Mickey on Running Shell Commands with Dired

The essential Mickey over at Mastering Emacs has another post in his series on dired. This time it's about running shell commands on multiple files from within Emacs. If you're a Unix user and used to using find and xargs to do this sort of thing, you should definitely check out Mickey's post. Using dired is easier and you don't have to leave Emacs or even bring up a shell of some sort in a buffer. Unless you're a dired expert, Mickey's post will teach you things you didn't know. And while you're there, be sure to follow the link to his post on how to work with files spread out across many directories. The two posts tell you pretty much everything you need to know to use dired in situations that would otherwise require find and xargs.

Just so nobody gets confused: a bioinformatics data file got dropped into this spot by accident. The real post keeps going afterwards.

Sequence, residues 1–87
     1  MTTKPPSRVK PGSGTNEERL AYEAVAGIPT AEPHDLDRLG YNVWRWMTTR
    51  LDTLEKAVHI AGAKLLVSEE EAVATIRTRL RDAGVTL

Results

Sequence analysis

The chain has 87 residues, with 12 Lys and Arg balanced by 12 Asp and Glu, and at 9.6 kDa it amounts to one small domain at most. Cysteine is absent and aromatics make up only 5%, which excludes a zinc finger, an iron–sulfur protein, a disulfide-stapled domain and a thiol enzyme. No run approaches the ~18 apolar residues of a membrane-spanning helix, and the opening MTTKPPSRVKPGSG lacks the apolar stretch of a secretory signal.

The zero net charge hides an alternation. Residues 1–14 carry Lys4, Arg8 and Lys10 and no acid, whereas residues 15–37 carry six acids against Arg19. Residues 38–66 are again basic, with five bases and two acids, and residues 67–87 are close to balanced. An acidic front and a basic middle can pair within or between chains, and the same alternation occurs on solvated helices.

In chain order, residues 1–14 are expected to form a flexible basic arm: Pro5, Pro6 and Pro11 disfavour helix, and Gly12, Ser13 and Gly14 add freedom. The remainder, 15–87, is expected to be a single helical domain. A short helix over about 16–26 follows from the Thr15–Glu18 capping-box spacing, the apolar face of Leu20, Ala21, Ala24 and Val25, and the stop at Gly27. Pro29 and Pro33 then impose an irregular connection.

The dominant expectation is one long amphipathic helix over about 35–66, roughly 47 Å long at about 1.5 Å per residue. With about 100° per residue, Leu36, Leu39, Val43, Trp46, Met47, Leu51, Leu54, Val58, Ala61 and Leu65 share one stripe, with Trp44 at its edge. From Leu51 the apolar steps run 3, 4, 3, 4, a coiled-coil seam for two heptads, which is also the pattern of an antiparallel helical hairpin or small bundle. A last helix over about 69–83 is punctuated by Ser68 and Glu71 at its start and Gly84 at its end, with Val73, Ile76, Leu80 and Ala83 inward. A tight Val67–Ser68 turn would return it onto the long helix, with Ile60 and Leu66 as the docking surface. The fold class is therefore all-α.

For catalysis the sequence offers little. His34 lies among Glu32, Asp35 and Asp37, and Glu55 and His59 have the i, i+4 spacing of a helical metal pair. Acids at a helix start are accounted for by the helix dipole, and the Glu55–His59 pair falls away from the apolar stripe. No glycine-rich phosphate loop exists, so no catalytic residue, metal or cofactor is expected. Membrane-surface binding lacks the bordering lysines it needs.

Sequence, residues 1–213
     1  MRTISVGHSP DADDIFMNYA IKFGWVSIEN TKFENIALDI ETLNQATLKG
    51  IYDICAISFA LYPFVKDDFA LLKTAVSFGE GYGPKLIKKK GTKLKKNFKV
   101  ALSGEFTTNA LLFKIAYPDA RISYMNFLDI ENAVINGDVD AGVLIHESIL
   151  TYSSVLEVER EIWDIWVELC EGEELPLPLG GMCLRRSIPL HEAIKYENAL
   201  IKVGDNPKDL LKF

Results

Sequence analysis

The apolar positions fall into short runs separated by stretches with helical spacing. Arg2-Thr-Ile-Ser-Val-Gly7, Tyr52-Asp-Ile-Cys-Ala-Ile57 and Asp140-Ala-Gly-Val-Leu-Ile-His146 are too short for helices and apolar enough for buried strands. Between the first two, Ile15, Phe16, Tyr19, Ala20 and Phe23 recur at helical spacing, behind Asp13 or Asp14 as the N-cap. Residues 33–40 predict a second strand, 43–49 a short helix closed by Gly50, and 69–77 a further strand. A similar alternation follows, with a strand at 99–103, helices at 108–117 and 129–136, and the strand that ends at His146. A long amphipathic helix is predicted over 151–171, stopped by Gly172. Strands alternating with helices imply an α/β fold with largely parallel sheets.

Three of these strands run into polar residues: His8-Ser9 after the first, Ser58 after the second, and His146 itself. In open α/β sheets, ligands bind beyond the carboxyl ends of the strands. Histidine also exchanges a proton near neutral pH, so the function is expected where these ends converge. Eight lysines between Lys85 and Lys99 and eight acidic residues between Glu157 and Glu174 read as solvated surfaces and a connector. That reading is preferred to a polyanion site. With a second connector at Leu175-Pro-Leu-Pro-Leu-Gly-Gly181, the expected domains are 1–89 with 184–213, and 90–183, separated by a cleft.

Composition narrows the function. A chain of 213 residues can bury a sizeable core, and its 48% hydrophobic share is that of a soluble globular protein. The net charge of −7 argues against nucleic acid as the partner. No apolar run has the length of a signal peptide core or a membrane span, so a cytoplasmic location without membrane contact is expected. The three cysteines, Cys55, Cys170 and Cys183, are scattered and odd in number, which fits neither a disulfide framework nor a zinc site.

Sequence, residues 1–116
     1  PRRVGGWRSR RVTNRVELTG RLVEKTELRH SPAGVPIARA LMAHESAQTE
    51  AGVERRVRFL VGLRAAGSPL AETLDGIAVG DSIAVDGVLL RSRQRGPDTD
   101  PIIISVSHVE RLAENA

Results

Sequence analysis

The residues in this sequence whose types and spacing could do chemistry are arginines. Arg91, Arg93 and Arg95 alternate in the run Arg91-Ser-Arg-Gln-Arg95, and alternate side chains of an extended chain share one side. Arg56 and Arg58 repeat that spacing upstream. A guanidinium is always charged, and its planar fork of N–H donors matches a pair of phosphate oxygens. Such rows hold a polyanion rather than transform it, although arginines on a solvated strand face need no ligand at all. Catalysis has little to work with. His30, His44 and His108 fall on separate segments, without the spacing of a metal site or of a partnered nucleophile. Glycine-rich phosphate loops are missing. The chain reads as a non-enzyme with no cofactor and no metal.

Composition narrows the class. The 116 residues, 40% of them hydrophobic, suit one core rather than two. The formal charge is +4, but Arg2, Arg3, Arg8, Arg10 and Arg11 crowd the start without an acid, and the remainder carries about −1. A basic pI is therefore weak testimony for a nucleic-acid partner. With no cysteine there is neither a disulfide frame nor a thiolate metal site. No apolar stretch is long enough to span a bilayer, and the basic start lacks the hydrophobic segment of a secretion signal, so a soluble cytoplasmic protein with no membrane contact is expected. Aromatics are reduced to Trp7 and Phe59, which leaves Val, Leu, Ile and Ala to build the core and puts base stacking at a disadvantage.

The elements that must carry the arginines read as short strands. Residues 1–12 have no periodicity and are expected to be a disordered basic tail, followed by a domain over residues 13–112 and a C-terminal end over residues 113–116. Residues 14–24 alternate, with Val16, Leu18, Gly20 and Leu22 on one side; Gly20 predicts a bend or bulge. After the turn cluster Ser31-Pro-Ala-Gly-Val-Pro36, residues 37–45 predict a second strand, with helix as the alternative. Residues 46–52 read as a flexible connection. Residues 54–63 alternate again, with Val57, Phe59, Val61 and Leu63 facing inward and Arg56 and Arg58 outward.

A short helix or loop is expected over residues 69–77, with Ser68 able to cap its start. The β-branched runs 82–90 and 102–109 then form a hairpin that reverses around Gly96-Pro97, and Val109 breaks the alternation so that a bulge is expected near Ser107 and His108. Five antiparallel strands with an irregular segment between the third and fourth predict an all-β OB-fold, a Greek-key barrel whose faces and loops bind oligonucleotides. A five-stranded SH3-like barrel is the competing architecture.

If you're like me, you probably started using dired as a convenient way of listing files so you could pick one to load into a buffer. Later, maybe, you started doing simple operations like deleting a file or perhaps renaming it. It's when you first realize that you can work on multiple files at the same time that you begin to realize how powerful dired is. For example, watch Magnar Sveen use multiple-cursors to change file names in a writable dired buffer. Of course you can do this using dired commands too but it shows how flexible dired is and how it can adapt to your way of working. Mickey's post shows how you can apply external commands to multiple files in a variety of ways. Very useful information.

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